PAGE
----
Scottish football's dark day

We are part of The Trust Project What is it?

We Scots complain that our league doesn’t get the headlines its English counterpart gets so regularly in the national media outlets – and when we do get headlines, it’s usually something negative. And so it goes again. After seeing our referees go out on strike or a manager be sent parcel bombs in the post, now we watch that same manager have to deal with a thug running into the technical area and attacking him.

How much is too much for Neil Lennon? The decent-minded are grateful he’s not only managed to keep his sanity, but that he hasn’t been harmed, physically at least. God only knows how he’s feeling mentally, but where does this madness end? The attack has been widely condemned by many within and outwith the football world, but as the threats continue – with a suspicious package, thought to contain a bullet, arriving at Celtic Park just this week – what is the end-game to all this?

Do the perpetrators simply want to scare Lennon out of Celtic, or do they want something far more sinister? The death threats suggest they do and it may come as some small relief that two men were arrested for their part in the nail-bomb that was addressed to the Celtic boss at the Lennoxtown training complex last month.

The result of that package was improved security for Lennon and his family – security  which was worryingly late as assailant John Wilson leapt over advertising hoardings at Tynecastle to lay into the Celtic manager. As many have asked, what if he was carrying a weapon, or a knife?

If the absolute worst-case scenario had unravelled in front of a watching television audience, where would that have left the game – not just in Scotland but worldwide? It brings a new dynamic to this campaign of hatred that someone managed to evade stewards and police and stand face-to-face with Lennon.

What has the man himself done to provoke such a reaction? To borrow a recent John Terry quote, Lennon isn’t “everyone’s cup of tea” – but he’s managing the team he supported as a boy growing up in Lurgan in Northern Ireland. It’s bad enough he had to quit international football as a player due to death threats; does he now have to walk out on Celtic too?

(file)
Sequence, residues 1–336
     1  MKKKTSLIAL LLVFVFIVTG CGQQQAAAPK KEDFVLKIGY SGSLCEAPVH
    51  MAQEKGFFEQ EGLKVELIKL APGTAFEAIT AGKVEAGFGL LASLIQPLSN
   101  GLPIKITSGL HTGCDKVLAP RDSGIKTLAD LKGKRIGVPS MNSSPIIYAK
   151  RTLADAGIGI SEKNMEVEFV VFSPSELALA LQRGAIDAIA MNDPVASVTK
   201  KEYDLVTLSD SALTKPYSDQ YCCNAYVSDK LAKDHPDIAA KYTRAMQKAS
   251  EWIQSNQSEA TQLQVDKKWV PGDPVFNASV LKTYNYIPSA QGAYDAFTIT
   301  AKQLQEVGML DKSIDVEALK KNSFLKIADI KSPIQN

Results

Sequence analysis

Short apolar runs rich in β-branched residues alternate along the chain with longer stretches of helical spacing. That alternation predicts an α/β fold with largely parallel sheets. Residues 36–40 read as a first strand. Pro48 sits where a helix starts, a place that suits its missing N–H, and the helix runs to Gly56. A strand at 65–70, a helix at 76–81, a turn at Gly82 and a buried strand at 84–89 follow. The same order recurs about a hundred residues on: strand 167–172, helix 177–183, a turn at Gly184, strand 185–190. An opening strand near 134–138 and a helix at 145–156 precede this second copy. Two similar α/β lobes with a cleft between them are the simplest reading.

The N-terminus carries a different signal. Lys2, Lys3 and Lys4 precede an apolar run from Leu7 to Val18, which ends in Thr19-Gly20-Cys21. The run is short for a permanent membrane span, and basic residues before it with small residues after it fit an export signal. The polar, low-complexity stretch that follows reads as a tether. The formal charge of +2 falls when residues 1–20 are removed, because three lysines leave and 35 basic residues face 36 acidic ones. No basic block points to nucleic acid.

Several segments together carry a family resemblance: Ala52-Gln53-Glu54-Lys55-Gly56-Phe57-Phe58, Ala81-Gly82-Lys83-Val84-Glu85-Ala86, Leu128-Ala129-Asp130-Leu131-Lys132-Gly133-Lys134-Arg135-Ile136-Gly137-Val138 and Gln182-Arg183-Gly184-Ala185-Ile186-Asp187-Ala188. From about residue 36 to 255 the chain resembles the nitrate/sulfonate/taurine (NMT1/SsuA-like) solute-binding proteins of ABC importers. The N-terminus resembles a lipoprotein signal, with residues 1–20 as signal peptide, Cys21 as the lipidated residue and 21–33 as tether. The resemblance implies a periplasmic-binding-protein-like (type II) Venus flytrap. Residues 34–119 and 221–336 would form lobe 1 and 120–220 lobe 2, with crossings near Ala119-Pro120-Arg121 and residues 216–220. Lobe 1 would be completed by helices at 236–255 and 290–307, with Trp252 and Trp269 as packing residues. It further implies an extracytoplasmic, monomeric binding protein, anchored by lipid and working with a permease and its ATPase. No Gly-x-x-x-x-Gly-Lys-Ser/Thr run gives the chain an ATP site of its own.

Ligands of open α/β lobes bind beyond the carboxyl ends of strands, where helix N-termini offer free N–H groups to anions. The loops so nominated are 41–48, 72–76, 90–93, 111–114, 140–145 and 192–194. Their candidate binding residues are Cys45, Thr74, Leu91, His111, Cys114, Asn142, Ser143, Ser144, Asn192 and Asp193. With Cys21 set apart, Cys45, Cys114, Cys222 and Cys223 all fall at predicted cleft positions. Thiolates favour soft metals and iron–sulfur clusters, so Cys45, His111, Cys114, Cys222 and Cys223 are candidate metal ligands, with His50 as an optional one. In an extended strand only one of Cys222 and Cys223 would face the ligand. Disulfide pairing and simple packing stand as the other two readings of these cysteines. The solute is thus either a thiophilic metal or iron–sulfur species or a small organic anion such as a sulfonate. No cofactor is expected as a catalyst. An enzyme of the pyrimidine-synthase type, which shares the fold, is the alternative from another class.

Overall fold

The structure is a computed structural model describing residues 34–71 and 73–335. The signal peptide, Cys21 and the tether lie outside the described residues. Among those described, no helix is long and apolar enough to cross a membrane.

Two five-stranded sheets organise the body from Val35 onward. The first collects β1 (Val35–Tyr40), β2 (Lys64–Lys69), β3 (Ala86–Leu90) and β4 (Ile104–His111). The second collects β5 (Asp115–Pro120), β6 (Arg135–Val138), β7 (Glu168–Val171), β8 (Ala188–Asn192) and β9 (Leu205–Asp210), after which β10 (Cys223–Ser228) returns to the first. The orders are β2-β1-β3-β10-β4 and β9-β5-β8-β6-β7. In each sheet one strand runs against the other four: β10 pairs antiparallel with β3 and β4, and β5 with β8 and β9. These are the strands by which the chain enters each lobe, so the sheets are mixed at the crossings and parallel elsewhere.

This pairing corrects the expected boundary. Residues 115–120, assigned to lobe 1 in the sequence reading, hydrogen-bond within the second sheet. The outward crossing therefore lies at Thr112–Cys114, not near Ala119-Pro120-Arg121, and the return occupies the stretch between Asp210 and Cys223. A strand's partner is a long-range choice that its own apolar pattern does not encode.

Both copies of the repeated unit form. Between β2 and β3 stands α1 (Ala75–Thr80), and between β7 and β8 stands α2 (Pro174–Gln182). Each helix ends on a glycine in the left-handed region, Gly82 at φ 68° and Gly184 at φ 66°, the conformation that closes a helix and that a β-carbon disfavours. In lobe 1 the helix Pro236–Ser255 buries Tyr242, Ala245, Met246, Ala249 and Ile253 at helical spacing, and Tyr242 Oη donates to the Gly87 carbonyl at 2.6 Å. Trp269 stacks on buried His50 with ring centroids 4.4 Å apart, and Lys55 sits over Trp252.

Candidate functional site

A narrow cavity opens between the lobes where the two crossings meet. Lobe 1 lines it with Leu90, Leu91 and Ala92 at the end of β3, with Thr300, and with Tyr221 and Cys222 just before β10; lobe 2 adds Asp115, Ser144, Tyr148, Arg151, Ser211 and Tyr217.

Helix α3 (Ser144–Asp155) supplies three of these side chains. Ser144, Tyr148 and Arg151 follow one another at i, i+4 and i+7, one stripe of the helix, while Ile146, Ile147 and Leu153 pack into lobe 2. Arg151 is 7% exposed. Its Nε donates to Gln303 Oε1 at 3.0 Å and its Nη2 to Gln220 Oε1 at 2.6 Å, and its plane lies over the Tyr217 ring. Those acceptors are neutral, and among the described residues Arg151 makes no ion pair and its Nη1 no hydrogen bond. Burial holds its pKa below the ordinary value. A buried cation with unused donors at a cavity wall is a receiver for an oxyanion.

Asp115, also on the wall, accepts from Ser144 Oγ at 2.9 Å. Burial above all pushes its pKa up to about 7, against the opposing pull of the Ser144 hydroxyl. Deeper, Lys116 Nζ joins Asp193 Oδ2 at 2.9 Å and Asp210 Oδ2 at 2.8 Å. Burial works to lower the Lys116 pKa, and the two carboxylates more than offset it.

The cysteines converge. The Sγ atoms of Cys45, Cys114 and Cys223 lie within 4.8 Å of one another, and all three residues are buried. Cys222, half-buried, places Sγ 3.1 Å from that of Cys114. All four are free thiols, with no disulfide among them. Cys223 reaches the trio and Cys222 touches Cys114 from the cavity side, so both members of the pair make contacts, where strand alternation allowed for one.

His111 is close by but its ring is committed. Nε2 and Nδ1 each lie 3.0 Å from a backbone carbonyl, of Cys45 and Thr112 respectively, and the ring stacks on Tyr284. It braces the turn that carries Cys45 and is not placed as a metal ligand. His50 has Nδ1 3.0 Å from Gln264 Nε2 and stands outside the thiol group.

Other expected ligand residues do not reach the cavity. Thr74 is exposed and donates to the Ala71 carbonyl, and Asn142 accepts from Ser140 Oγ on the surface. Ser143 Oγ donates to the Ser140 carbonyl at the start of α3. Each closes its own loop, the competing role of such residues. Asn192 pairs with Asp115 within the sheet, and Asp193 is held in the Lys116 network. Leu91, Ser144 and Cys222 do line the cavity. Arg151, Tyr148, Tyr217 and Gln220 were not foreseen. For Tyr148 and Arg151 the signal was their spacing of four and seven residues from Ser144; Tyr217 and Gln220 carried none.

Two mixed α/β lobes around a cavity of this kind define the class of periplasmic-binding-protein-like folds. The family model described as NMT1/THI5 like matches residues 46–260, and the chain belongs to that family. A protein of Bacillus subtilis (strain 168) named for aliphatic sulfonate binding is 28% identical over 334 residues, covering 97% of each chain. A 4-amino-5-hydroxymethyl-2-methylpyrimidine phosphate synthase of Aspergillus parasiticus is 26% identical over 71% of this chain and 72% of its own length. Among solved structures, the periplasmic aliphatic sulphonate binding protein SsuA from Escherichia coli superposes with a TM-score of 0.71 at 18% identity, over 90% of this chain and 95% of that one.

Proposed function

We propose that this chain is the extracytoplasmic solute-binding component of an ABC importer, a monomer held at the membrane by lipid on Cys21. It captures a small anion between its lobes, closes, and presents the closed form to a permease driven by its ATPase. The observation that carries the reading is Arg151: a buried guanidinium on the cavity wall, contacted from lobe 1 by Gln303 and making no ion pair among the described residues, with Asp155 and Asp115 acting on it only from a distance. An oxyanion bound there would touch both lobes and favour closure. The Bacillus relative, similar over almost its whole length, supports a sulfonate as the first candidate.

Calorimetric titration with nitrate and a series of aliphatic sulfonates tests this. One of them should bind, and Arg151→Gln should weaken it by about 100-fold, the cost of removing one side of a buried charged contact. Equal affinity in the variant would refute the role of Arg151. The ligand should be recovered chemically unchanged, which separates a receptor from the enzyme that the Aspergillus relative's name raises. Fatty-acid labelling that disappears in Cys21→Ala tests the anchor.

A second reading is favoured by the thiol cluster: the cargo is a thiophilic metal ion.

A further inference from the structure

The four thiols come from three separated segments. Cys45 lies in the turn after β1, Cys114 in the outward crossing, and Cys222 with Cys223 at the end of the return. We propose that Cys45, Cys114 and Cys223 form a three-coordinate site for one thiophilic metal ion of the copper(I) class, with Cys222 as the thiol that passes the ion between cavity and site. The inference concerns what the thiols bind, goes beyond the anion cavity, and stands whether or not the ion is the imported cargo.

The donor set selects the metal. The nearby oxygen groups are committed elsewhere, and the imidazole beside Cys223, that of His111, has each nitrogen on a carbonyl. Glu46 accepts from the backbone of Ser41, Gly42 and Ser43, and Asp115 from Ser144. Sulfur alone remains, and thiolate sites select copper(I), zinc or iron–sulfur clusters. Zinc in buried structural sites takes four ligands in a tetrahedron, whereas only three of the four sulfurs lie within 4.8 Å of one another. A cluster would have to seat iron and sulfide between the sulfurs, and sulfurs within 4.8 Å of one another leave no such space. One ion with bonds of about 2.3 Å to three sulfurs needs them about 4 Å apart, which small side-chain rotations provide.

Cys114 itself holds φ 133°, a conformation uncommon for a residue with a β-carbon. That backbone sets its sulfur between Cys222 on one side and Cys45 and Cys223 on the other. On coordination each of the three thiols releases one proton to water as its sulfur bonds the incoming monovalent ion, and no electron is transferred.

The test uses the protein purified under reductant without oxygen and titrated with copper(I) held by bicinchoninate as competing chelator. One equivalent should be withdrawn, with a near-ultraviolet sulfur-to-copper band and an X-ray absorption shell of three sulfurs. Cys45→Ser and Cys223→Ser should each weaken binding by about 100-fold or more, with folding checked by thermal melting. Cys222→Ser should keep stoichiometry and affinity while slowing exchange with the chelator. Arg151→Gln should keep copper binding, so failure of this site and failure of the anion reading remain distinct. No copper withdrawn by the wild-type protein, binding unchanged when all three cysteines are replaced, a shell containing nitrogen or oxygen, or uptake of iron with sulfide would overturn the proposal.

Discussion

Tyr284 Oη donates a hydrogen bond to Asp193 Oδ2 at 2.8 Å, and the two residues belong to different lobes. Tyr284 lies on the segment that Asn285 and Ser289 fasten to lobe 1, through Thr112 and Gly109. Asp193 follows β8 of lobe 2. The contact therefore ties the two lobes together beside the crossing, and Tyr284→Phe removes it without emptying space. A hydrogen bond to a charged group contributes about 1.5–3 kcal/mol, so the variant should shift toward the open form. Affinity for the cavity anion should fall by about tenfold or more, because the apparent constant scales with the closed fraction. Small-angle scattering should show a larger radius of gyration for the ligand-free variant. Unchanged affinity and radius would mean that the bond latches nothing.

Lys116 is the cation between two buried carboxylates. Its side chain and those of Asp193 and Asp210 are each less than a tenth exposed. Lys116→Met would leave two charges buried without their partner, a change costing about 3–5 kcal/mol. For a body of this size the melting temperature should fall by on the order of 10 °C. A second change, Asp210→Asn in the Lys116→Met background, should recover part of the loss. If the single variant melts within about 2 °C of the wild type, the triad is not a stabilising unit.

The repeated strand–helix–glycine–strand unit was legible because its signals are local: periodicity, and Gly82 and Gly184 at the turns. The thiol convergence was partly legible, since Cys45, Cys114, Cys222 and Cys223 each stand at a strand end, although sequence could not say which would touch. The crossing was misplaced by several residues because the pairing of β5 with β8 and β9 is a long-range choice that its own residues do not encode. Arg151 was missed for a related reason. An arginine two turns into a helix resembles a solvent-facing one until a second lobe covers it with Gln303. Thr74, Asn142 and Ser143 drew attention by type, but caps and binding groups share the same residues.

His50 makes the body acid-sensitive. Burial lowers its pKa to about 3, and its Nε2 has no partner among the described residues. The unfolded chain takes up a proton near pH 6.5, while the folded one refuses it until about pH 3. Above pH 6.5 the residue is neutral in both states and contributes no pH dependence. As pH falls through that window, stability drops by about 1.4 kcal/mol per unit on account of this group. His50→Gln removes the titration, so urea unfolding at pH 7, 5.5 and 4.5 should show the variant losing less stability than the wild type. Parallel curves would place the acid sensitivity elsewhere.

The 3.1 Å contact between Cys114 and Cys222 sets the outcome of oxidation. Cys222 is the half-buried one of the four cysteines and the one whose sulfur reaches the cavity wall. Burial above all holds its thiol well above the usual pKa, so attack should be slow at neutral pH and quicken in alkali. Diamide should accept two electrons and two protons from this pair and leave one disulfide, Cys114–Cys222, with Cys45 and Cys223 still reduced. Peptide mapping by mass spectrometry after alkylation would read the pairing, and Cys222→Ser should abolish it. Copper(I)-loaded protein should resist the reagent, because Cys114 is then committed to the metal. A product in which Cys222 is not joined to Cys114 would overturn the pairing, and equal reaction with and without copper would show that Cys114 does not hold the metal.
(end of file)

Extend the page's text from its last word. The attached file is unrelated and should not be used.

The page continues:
If Lennon walked out on Celtic due to the escalating campaign and concerns over his safety, no one would blame him. But by the same token, in that event we should all just give up and go home. Football is meant to be an escape from work and family commitments, but too many bring religion and sectarianism into it. It’s important to remember football is just a game.

Some say he doesn’t help himself with his conduct. I don't buy into that. How do you justify death threats and parcel bombs because someone is passionate about their football team? Maybe Lennon does play to the crowd to an extent, certainly more than his Parkhead predecessors. But then so does Jose Mourinho, wherever he’s gone.

In that respect, Lennon is no different to the Real Madrid coach and like his Portuguese counterpart, should be allowed to get on with his job. But some seem to have a problem with him being there and until that element is eradicated, Lennon has to find ever more inner strength for himself, for his family, for his players and for Celtic Football Club.

It’s disappointing that in a week filled with tributes and testimonials for an Old Firm manager who leaves his post after years of service to the club, his rival on the other side of the city can't enjoy the same sort of reverence – even if Lennon’s a comparative rookie.

This nasty affair will continue on for days and may even overshadow the culmination of whoever wins the league following this weekend’s programme of matches. But in truth, when this season’s over, we’ll be glad to see the back of it. Not least of all Neil Lennon.